American College of Physicians: Internal Medicine — Doctors for Adults ®


Tips for detecting—and treating—domestic abuse

By asking the right questions and using some simple strategies, residents can do a better job

From the February 1998 ACP Observer, copyright © 1998 by the American College of Physicians.

By Christine Wiebe

Marilynn's history of domestic abuse spans more than a decade and three husbands. Her first husband once beat her so badly she was sure he had broken her ribs, but she never sought medical help. When Marilynn had her first baby, her obstetrician seemed to recognize that she was depressed, but he never asked about her home life. If he had, Marilynn said, she probably would have told him about the abuse.

Throughout the years, Marilynn has had numerous encounters with physicians, all of whom, she said, seemed "disinterested" in her life. She struggled with being overweight, and more than one physician prescribed diet pills without even bothering to conduct a thorough checkup. "I wanted someone quite desperately to talk to," she said, but still she never mentioned her problems.

Finally, after her third husband died, Marilynn saw an internist because of chronic stomach pain, high blood pressure and continuing weight problems. The internist ran tests for ulcers and other likely causes but found no medical basis for her distress. "Then he asked me what was going on in my life," she recalled.

"It wasn't easy at first," she admitted, "but I needed someone to talk to who would understand." Finally, Marilynn's story began spilling out.

Aided by the additional information in her history, the internist diagnosed Marilynn with irritable bowel syndrome, which can be provoked by stress. In addition to treating her medically, he referred her to the local agency that shelters and counsels abused women. She joined a regular support group there.

Today, after considerable effort, Marilynn's depression is under control, her self-esteem is stronger, she has lost nearly 40 pounds and her health is significantly better. She credits her internist with helping her turn her life around. "He goes beyond just the medical issues," she said.

While experts say that more doctors could similarly help more of their own patients who are victims of domestic abuse, many physicians—including residents—simply find talking about domestic abuse difficult. "We feel uncomfortable asking about domestic violence the same way we are uncomfortable asking about sexual histories," said Adrienne Green, MD, chief resident at Stanford Health Services in Palo Alto, Calif. "It's much easier to ask people about hypertension and diabetes."

But statistics show that domestic abuse can be just as pervasive as clinical disease. Studies have concluded that about one in four adult women in the United States will be victimized by abuse at some point in their lives, said Elaine J. Alpert, ACP Member, assistant professor of public health and medicine at Boston University school of Medicine. In internal medicine clinics, about 15% of women are current or recent victims of abuse, she said. "And yet," Dr. Alpert added, "in primary care practices, domestic violence is almost never diagnosed."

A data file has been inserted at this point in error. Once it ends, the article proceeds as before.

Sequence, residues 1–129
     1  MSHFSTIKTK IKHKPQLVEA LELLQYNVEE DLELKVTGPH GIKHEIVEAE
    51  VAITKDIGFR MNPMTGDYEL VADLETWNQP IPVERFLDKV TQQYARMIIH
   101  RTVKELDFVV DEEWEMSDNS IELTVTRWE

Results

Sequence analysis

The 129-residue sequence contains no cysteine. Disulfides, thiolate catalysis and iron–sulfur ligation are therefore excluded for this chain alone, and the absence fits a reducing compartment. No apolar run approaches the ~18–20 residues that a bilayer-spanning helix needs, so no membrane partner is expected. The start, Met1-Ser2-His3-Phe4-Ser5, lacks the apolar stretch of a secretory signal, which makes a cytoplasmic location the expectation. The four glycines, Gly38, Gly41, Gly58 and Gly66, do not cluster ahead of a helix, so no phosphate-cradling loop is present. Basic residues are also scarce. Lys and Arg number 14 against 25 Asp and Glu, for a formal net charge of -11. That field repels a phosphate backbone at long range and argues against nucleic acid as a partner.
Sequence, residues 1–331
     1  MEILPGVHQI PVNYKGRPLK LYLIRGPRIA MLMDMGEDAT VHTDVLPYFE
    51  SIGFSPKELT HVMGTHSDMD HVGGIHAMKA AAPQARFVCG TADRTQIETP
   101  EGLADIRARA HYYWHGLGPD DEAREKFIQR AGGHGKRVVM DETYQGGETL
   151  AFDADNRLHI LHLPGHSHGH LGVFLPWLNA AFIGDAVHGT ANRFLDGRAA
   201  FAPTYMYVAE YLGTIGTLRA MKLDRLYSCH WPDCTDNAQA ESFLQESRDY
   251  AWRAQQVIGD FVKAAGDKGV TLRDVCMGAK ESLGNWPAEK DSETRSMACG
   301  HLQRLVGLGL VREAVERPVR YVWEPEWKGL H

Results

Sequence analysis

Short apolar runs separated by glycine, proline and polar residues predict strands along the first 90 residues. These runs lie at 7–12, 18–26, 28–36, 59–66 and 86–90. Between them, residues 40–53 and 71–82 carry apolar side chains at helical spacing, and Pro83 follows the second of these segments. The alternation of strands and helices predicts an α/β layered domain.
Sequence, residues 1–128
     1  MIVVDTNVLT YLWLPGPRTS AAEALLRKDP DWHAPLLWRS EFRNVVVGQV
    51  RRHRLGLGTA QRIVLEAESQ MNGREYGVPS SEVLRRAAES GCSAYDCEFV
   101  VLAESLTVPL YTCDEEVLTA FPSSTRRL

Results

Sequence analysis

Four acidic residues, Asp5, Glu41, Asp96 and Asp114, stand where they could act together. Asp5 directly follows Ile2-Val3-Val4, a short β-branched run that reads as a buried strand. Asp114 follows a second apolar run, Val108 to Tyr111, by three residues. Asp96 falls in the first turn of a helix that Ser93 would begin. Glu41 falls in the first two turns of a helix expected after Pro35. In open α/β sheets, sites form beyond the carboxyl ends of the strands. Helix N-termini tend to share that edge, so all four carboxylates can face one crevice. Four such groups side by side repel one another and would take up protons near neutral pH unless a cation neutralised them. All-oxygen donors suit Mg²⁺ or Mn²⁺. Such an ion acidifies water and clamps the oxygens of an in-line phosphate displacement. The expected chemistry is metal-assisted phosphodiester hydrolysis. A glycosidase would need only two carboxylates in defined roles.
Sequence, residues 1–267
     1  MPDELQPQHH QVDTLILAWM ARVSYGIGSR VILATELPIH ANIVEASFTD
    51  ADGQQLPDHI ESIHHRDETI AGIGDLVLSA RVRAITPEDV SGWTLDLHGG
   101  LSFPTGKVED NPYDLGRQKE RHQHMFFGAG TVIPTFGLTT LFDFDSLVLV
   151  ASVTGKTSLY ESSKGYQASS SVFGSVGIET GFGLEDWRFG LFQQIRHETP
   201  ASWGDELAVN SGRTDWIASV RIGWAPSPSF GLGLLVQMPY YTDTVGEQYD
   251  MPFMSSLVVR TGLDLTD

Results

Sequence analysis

"The magnitude of this problem cannot be ignored," said Sandra Adamson Fryhofer, FACP, an Atlanta internist who serves as ACP's Liaison for Women's Health. "As primary care physicians, we can intervene and break the cycle of domestic violence. But in order to do this, we must not only be armed with the right tools and information, but also take the time to ask the right questions."

'Who did this?'

Experts say that the screening process, however, is the point at which many domestic abuse victims fall through the cracks. Many doctors simply do not ask about domestic violence, even when they take patient histories or see obvious signs of abuse.

"Time after time I sign charts from residents that say the patient was punched in the face, and they never asked, 'Who did this?' " explained Kim Feldhaus, MD, associate program director at the University of Colorado Health Sciences Center in Denver.

Residents strapped for time and short on experience say they need help in knowing what to ask. "The hardest part in residency is developing the questions that you need to ask almost anybody," said Allen Friedland, ACP Associate, chief resident at the University of Cincinnati Medical Center.

Experts like Dr. Feldhaus say that screening for domestic violence can be a short and effective process. Working with colleagues at the University of Colorado, she developed a three-question tool called the Partner Violence Screen and tested it on 322 women at two emergency departments.

(Research results were reported in the May 7, 1997, issue of the Journal of the American Medical Association.) The tool has physicians ask the following questions:

  • Have you been hit, kicked, punched or otherwise hurt by someone within the past year? If so, by whom?
  • Do you feel safe in your current relationship?